Saint Patrick’s Day for Sinners The Bell House; 9pm; $20
The ever-excitable Wasabassco Burlesque crew celebrates the wildest day of the year with a lovely lineup of flame-haired dames, including Varla Velour, Nasty Canasta, Sydni Deveraux and others, plus ginger sideshow stuntman and illusionist Albert Cadabra. If you’re inspired by all the bare flesh on display, flash a bit of green in the emerald-underwear contest.
New York City Gay Men’s Chorus: Big Gay Sing—Mind the Gap! Skirball Center for the Performing Arts; 8pm; $45–$69
New York’s cheeriest chorus boys raise their big, gay voices in their annual spring concert. This edition jumps the Pond with arrangements of songs by British pop artists including David Bowie, Queen, Adele, Dusty Springfield and the Spice Girls; old-school gay royalty Lorna Luft is the special guest.
Awesome Aughts: Music of the Early 2000s Union Hall; 11pm; free
Try not to cry to "What A Girl Wants" and "No More Drama" at this all-night tribute to the best hip-hop, R&B and pop songs from the days when boy bands still had "frosted tips" and Beyoncé was best known as a member of Destiny's Child.
Euphoria: Eurovision Song Contest Viewing Party Pieces; 9pm; free
Head to this live viewing party to catch all the acid-drenched, jewel-encrusted action from Stockholm, where representatives from various nations compete for musical supremacy while dressed in outfits that Liberace might have found a bit too flashy. You just might catch the next ABBA, Celine Dion or Julio Iglesias—all acts who owe their rather impressive careers to this wonderfully campy event.
St. Patrick’s Day at the Merchant’s House Museum; 7pm; $10–$30
New York's only preserved 19th-century home takes you through its fourth-floor servants' quarters, which were carefully restored and repainted in their original colors. Learn about the daily successes and struggles of the Irish immigrants who worked as staff in the mid–19th century. At the haunted house tour on Friday night, uncover the mystery of some of the bizarre occurrences that took place in the servants' quarters, and face the specters of family members who passed away in the house.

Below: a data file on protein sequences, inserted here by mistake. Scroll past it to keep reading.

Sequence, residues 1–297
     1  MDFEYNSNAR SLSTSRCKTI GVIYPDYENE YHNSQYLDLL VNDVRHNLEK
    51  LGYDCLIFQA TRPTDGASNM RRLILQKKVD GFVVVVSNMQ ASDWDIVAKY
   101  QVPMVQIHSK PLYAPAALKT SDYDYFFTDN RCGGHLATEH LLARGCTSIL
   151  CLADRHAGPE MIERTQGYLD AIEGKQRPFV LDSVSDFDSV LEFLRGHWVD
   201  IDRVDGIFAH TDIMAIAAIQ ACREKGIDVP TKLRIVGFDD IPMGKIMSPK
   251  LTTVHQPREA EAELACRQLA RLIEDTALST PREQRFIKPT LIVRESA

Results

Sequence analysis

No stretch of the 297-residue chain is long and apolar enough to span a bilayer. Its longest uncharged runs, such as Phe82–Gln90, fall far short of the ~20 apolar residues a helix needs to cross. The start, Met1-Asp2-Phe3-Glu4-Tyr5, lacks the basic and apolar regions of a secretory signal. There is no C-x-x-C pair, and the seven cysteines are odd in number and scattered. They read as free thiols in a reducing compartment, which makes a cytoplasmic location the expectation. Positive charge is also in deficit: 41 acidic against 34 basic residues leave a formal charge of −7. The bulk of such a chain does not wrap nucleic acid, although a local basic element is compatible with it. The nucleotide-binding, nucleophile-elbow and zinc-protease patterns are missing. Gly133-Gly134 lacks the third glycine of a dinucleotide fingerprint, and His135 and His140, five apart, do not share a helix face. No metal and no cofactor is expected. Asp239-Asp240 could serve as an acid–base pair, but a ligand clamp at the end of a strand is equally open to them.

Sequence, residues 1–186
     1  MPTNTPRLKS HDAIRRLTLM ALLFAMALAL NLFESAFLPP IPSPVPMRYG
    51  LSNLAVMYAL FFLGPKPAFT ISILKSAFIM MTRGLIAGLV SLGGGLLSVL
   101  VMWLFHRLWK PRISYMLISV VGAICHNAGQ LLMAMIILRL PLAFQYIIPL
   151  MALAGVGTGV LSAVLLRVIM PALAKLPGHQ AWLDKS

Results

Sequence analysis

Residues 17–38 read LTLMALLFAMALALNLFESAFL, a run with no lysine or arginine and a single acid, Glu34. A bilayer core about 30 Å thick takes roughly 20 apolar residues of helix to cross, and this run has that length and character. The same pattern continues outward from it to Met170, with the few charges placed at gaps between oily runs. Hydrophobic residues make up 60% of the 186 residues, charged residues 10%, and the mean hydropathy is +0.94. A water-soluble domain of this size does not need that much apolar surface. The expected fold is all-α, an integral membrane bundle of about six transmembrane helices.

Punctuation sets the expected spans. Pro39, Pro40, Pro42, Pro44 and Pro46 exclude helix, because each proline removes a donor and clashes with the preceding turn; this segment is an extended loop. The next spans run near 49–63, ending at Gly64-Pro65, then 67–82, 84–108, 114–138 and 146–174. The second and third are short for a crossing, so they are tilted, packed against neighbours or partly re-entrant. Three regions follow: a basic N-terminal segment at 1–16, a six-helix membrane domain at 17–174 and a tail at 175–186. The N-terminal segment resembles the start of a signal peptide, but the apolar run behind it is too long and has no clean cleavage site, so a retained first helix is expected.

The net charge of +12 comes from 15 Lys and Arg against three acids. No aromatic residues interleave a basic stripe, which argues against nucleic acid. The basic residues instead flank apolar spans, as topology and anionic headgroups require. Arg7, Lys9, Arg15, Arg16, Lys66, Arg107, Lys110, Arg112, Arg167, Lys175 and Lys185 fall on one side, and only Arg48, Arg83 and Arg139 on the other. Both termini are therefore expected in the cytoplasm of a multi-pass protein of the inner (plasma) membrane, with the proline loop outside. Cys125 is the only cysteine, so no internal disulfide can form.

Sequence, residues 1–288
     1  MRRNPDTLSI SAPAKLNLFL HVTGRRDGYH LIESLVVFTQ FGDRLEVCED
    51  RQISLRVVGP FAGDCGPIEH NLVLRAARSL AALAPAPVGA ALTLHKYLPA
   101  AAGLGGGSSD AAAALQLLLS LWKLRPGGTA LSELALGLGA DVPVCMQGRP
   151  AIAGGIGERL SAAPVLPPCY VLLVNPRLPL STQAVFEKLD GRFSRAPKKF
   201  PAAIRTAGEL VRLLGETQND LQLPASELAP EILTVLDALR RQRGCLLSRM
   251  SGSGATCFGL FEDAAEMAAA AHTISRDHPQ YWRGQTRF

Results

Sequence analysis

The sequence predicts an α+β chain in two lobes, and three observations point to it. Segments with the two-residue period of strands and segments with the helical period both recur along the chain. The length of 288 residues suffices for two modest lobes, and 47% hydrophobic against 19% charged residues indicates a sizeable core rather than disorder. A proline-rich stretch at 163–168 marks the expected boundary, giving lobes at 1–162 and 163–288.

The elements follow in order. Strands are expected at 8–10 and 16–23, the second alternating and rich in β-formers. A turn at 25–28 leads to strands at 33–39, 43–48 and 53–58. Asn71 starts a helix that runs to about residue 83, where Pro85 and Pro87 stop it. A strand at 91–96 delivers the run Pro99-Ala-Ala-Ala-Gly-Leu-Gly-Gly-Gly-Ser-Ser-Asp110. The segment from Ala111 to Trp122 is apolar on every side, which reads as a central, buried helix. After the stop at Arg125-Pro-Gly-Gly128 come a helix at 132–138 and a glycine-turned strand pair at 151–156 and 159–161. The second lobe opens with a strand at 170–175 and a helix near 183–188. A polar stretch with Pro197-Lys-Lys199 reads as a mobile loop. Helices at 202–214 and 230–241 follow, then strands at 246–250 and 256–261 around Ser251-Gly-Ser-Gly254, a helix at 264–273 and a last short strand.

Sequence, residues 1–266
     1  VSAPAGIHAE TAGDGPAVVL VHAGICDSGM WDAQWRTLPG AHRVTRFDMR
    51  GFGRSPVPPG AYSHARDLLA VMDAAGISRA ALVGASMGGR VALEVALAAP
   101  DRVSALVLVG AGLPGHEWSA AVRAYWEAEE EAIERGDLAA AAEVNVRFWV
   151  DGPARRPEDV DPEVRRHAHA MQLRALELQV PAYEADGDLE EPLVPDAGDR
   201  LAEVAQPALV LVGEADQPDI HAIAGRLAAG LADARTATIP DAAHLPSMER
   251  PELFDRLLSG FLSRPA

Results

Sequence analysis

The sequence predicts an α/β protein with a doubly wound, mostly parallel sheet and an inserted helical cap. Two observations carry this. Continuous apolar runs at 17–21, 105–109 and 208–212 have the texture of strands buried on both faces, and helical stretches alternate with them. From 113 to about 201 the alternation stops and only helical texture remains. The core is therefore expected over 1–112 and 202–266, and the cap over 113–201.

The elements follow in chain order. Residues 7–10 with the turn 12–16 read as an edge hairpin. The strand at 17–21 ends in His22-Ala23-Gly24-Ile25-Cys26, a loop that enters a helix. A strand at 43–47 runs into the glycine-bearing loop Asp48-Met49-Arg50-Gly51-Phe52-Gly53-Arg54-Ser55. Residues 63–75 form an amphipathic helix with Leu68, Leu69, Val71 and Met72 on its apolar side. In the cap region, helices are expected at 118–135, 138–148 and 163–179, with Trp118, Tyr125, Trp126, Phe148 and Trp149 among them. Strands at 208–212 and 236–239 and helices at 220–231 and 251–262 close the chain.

St. Patrick’s Weekend in Irish in New York St. Paul’s Chapel; 1pm; $20
If the traditional parade is too much for you, check out the lower-key, lower-Manhattan walking tour, themed especially for St. Patrick’s Day. Walkers will explore NYC's former “Little Ireland” district, learn about the incredible contribution Irish immigrants made to the overall history of the city, and understand why this day is more popular in New York than it is in Ireland.
Coffee & Tea Festival NYC Brooklyn Expo Center; 10am; $10–$35
At this 11th annual caffeine fest, catch a buzz with limitless samples of cups from more than 60 companies, including regional favorites like Greenpoint’s Cafe Grumpy, Queens’ small-batch roasters Jailhouse Coffee and SerendipiTea from Manhasset, NY. To complement the coffee, product exhibitors showcase their goods, such as olive oil from the Olive Table in Vermont and Bee Raw honey harvested from a single flora. Feeling bold? Get schooled at expert-led seminars like a matcha-brewing class by Ippodo Tea, or throw down with fellow amateur baristas in a latte-art showdown for a $250 cash prize.
Rites XXXVII: The Black Party 1260 Atlantic Ave; 10pm; $180